Oh, sweet!

This section just lists my appreciation for techie things that I like for one reason or another. It may be innovative, reminds me of something from Star Trek, or could simply be aesthetically-pleasing. If it's something I would like to have in my house for whatever reason, real or imagined, it goes on the list.

I wish...

Apple iPad
I'm generally not an early adopter, but two years ago I bought an iPod touch because I wanted a portable web browser and the iPhone experience without the AT&T contract. It was unfortunately too small to be useful for my needs so I returned it. When the iPad came out, I knew this wasn't an issue anymore and the fact that the App Store extends its capability exponentially, I decided the sticker price would be worth it.

Das Keyboard
I currently have three of these. One for home and two for work. It is simply the best keyboard I have ever used, minimalistic without unnecessary frills, and if you type enough it justifies its cost. I can't get enough of the clicks. It has made me a better typist (...not true, but I'd like to think so).

Multi-touch computing
When I was a little kid watching science fiction on daytime TV, I inspired to be an astronaut (or something along those lines), just so I could go out into space. I was disappointed to learn, however, that the space shuttle didn't fire energy weapons or move into warp. But Perceptive Pixel's interactive wall is a slice of the future that I want to see become everyday reality. Imagine these things deployed as a standard part of any new city building. My hands would roam everywhere.

Colonial Viper
It flies in space, it shoots things, and the flight controller has a Turbo button which apparently causes a large exhaust to fire from the rear engines. I'm so sold. The downside: the only way to make it a reality is to play Beyond the Red Line.

Jedi Starfighter
Just like the Viper above, it flies and shoots things ... plus the wings fold out. And it comes with a droid. I could use one of these as a commuter vehicle. An X-Wing or A-Wing will do also.

Unlike the previous two, this thing actually exists. Well, maybe not quite the way I'd want it to, obviously, but just imagine what it'd be like to drive this sucker down the street. Everyone would get out of your way. Plus, you can shoot things. Batman claims it has a gas mileage of 50 mpg. I'm a little skeptical about that one.

A nifty little device. It's what every flash drive should be. The problem though is that you unlock the drive with a password ... and we all know how most people are with passwords. It's either their phone number, birthday, or the string "welcome." But if you forget it, try to guess the exact password, and fail 10 times in a row, the data goes completely bye-bye. Lesson: don't be fat fingering unless you want to self-DoS.

EVE Online
Not quite reality, but pretty much in the "good enough" territory. If I had to die somewhere, I'd probably go out in a blaze of glory in there. It's the stuff dreams are made of. I've never played the game and only seen the demos and trailers for it, but it instantly got my attention. That "Beauty Never Fades" track from Junkie XL probably had something to do with it too.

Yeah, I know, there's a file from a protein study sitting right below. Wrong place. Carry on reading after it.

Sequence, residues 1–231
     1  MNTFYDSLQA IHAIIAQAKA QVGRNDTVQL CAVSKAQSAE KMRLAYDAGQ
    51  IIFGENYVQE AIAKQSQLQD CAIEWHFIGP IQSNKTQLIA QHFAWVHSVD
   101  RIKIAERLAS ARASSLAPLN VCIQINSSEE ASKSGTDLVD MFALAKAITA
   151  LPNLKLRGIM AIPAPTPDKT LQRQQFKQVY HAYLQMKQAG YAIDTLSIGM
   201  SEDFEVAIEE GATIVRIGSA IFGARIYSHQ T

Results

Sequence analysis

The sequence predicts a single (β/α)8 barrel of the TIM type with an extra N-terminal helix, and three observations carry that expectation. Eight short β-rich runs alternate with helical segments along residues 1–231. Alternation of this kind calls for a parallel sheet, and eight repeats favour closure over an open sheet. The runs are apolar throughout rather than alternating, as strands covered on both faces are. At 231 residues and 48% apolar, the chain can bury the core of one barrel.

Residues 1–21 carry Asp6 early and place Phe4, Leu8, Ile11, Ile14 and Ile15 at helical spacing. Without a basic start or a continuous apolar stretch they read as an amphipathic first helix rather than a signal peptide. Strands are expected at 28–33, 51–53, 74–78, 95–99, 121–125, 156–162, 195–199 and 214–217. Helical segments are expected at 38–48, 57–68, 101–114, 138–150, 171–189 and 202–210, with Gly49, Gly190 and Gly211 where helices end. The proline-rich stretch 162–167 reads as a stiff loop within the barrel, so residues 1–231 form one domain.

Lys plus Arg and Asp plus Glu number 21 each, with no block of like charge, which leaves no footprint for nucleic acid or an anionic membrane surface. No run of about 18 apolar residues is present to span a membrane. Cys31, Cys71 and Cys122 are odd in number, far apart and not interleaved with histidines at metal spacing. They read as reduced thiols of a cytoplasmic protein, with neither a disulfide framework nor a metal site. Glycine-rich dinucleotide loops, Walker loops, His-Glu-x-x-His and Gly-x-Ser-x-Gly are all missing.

Serato ScratchLIVE
This thing pretty much revolutionized the hip-hop DJing industry. It introduced the ultimate in portability and flexibility to the work arsenal for anyone who does any amount of mixing and / or cutting. No longer do I have to blemish my original vinyl. As long as the software or the underlying operating system doesn't crash, the gig can go on forever with all the "records" I can carry to the club.

Technics SL-1200MK2
While the rest of the consumer electronics industry churns out cheap, lightweight, plastic-encased products, the gold-standard Technics turntable is a legend. You were über if you had the 1210s (proudly displayed in all the DMC battle videos with the large Technics sticker on the side). I got my first one back in '87 for $329 + tax and I still use it. Sure, you have other competitors these days, but nothing replicates the feel and timeless design of the original DJ classic. It's a museum piece.

I've dealt with practically every major brand of business laptop. Compaqs, HPs, IBMs, Toshibas, and Dells. By far, my favorite are the ThinkPads. I started using them when the T20 first came out. I'm lucky enough to use two T60s and an X60 at work. Black is beautiful, and the design and feel of the ThinkPad is second-to-none. The support documentation is comprehensive, and the ThinkLight is the icing on the cake. It's the kind of laptop that motivates you to put on a suit and tie for some reason. That said, it sure took them a while to bring the Windows key to their keyboards.

ServoDrive BassTech 7
I've actually never owned this speaker. Furthermore, I've never even heard one. This is where the marketing material catches my attention because I can be extremely impressionable and naive sometimes. I've used JBL, Community, Cerwin-Vega, McCauley, and Klipsch ... and they all performed well within their niche. But just listen to the ServoDrive marketing speak:

"...exceptionally low harmonic distortion, true high-fidelity performance, virtually no output loss due to power compression, frequency response virtually flat to below 28Hz, extraordinarily efficient - low power requirement for full SPL output."

I'm so sold.